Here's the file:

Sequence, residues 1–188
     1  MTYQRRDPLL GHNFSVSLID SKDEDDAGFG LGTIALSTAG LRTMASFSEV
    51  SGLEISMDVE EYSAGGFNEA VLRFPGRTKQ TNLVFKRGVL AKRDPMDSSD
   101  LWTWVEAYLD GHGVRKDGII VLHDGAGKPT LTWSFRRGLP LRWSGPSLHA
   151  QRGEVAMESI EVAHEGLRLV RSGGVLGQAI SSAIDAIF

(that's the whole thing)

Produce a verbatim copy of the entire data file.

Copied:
Sequence, residues 1–188
     1  MTYQRRDPLL GHNFSVSLID SKDEDDAGFG LGTIALSTAG LRTMASFSEV
    51  SGLEISMDVE EYSAGGFNEA VLRFPGRTKQ TNLVFKRGVL AKRDPMDSSD
   101  LWTWVEAYLD GHGVRKDGII VLHDGAGKPT LTWSFRRGLP LRWSGPSLHA
   151  QRGEVAMESI EVAHEGLRLV RSGGVLGQAI SSAIDAIF